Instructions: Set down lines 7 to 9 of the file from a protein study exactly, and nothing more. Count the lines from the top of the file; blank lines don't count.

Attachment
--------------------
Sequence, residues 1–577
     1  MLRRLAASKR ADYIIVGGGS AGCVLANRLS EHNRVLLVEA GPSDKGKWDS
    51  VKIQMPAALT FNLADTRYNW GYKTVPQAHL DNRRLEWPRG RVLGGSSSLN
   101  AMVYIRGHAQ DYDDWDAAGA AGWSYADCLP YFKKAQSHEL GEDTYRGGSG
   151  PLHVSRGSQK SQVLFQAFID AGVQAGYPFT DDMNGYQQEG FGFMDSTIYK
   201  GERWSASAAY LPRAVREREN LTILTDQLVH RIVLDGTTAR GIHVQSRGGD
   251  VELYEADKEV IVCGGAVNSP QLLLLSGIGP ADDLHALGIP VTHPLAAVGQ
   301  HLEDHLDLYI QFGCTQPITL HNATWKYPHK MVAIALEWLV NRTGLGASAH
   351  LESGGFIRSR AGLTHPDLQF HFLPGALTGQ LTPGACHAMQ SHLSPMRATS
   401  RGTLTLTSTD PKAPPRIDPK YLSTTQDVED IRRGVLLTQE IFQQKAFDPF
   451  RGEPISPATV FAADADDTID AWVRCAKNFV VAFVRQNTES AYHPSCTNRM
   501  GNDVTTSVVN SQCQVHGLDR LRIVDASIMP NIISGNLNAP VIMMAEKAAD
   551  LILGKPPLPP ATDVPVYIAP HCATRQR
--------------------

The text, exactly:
   251  VELYEADKEV IVCGGAVNSP QLLLLSGIGP ADDLHALGIP VTHPLAAVGQ
   301  HLEDHLDLYI QFGCTQPITL HNATWKYPHK MVAIALEWLV NRTGLGASAH
   351  LESGGFIRSR AGLTHPDLQF HFLPGALTGQ LTPGACHAMQ SHLSPMRATS